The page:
The second issue is that I realized my immediate response to ANY kind of inconvenience, especially when it happens to someone else, is to apologize for it. I swear, I would say "I'm sorry" to someone that backed into MY parked car. I find myself apologizing for getting bumped into on the sidewalk by someone not paying attention. I've probably apologized to an ex because HE cheated on me.
You see what I mean?
This whole "sorry" problem came from somewhere, and I have no idea where. I honestly think that most women suffer from chronic "I'm sorry"-ness and we rarely recognize it (unless of course someone calls us out on it). It wasn't until Frank had to AGAIN say to me this morning "Stop apologizing for things that aren't your fault!" –after I apologized for having to take him to the airport– that it finally clicked.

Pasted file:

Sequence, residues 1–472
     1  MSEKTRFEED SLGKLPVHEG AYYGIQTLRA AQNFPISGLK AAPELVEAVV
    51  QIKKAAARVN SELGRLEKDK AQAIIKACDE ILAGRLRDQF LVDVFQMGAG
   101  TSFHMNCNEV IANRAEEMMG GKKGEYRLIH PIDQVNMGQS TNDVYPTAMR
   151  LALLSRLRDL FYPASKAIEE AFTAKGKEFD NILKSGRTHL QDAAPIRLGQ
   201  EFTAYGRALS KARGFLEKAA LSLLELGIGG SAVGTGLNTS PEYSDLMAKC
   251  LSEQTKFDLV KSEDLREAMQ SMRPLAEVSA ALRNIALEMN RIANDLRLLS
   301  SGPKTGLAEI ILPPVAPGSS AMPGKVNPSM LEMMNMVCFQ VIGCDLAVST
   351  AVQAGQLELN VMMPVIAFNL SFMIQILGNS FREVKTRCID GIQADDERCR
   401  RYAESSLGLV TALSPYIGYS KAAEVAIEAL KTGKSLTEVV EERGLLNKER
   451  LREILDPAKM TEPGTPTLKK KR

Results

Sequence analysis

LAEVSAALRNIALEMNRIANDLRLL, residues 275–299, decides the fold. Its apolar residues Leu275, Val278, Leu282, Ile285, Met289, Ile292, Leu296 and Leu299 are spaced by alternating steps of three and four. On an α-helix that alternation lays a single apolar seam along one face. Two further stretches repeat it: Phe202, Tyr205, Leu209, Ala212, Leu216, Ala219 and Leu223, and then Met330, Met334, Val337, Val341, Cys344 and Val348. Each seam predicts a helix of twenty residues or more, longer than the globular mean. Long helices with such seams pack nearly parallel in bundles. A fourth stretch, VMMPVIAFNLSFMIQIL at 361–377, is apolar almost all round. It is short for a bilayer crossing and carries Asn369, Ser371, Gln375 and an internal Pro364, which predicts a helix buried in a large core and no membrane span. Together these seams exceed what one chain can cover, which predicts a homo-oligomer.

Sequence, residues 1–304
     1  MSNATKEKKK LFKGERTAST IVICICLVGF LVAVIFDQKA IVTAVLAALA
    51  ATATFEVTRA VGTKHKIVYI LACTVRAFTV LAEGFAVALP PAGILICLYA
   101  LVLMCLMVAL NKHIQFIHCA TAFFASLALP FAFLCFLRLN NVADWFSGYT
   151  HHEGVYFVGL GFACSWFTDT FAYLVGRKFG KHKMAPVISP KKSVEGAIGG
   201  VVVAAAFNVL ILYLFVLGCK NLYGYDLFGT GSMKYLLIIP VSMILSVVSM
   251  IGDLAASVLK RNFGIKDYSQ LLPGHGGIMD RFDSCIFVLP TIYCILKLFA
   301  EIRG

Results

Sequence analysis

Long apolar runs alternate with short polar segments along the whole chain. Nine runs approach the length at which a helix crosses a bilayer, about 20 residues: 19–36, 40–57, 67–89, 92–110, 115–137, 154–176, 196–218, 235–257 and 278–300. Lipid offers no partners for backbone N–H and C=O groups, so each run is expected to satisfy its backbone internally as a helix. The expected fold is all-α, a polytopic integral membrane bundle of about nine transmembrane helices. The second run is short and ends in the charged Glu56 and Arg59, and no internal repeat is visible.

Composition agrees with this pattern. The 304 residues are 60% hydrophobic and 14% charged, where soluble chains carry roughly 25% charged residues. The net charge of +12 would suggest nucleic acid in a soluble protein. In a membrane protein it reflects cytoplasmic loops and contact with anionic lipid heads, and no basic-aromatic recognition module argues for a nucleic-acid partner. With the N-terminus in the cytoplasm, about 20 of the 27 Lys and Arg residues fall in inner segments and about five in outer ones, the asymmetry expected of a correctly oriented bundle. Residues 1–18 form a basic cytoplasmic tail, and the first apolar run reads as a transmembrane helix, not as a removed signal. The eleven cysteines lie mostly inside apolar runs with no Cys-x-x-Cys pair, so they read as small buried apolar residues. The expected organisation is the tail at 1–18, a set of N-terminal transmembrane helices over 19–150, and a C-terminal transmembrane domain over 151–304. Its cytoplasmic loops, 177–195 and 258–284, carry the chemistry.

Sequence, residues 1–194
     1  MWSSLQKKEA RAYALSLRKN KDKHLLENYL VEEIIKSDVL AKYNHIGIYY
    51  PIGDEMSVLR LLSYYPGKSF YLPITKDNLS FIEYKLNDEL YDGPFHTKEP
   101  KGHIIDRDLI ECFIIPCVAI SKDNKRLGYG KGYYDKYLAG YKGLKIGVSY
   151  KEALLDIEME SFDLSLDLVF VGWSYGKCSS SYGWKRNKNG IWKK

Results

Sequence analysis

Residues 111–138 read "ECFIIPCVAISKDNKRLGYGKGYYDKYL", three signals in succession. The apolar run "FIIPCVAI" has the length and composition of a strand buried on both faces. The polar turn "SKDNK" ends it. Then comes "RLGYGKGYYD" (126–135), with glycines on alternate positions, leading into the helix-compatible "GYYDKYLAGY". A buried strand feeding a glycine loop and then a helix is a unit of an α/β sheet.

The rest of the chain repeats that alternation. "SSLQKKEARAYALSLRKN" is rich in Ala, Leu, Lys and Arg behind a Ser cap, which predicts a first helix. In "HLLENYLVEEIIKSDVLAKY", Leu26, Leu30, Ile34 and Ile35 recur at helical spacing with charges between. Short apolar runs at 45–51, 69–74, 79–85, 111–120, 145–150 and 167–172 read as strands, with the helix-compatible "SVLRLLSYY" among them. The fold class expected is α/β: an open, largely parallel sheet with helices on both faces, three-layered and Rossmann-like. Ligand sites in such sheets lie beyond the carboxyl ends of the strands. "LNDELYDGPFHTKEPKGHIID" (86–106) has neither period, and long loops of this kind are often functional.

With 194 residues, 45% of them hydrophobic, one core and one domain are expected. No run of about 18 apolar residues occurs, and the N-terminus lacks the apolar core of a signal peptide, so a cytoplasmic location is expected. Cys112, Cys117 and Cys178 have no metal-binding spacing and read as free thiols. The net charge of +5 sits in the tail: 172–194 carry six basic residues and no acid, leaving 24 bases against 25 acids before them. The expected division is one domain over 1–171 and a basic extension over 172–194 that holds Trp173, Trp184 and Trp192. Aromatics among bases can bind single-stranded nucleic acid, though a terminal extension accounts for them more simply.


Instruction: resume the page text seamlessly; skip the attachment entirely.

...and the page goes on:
So, you've heard it here first folks.... I'm vowing to stop saying "I'm sorry" to things that aren't my fault, and promising to put more energy toward using other expressions to express empathy and understanding.
If you suffer from "I'm sorry"-ness then STOP (as Frank would say). Take ownership of your existence and stand up for yourself. Also... if you come up with other expressions, like: "That's unfortunate", then please send me a list. I'm going to need all of the help I can get.
Sorry for the long post :),